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ALC and NAGALRO respond to guidance on the need for guardians to justify court attendance at care hearings

Due weight must be given to the guardian’s views on the need for attendance

The Association of Lawyers for Children and National Association of Guardians ad Litem and Reporting Officers have responded to recent guidance given in the Central Family Court on the need for guardians to justify their attendance at care hearings save in specified circumstances.

Recent local practice guidance applying in the Central Family Court provides that children's guardians in public law proceedings, adoption proceedings, or private law proceedings in which a children's guardian has been appointed under the Family Procedure Rules 2010 (FPR), r16.4 – in effect, children's guardians who are legally represented – are only required to attend court to (i) give evidence, or (ii) hear parents or subject children give evidence.  If the attendance of a children's guardian is thought to be necessary at other times, an order must be sought at an already listed earlier hearing, or by email to the judge before the hearing; and reasons must be given.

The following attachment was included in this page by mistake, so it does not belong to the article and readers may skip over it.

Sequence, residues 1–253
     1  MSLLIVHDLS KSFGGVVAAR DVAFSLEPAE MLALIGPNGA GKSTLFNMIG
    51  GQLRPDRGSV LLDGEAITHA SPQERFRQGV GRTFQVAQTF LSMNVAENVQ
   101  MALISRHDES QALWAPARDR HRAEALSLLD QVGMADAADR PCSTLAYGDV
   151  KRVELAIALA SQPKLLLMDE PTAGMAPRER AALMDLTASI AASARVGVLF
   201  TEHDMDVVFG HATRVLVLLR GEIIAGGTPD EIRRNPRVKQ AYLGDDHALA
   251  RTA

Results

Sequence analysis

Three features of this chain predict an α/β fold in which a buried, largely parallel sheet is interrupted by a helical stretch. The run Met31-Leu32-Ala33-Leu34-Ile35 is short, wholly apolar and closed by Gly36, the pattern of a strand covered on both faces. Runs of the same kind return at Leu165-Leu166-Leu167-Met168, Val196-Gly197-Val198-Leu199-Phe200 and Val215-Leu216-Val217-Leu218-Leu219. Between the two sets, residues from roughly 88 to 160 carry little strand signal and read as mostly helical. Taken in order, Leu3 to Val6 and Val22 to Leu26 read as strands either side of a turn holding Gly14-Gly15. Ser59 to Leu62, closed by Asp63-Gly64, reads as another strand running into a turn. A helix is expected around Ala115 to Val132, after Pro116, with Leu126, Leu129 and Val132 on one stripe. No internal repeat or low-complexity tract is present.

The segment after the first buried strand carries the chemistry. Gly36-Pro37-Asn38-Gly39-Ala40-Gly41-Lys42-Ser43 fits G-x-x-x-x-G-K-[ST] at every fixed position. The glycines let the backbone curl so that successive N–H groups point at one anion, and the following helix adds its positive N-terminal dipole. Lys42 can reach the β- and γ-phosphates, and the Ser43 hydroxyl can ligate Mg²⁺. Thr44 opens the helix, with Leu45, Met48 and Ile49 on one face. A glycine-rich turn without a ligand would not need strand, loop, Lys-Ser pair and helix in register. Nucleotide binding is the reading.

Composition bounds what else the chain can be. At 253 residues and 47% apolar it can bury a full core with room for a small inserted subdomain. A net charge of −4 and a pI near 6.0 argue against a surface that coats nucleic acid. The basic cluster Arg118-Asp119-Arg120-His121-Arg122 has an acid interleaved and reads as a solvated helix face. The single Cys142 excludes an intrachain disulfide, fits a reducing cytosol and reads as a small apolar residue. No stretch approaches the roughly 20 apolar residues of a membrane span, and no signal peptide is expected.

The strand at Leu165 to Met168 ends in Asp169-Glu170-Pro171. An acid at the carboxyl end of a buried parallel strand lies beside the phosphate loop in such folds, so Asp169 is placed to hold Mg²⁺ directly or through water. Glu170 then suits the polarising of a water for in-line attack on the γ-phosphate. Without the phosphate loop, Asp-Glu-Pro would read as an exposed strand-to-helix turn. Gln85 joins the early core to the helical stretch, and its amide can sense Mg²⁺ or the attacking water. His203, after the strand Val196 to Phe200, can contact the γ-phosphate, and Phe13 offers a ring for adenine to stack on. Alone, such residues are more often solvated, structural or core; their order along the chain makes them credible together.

In an article, published in Family Law Week, the ALC and NAGALRO argue that the interests of justice, the effective representation of children, and the efficient management of proceedings, are best served by ensuring that decisions about attendance at hearings are made case by case, with due weight given to the children's guardian's own views on his or her presence at court.

For the article, please click here.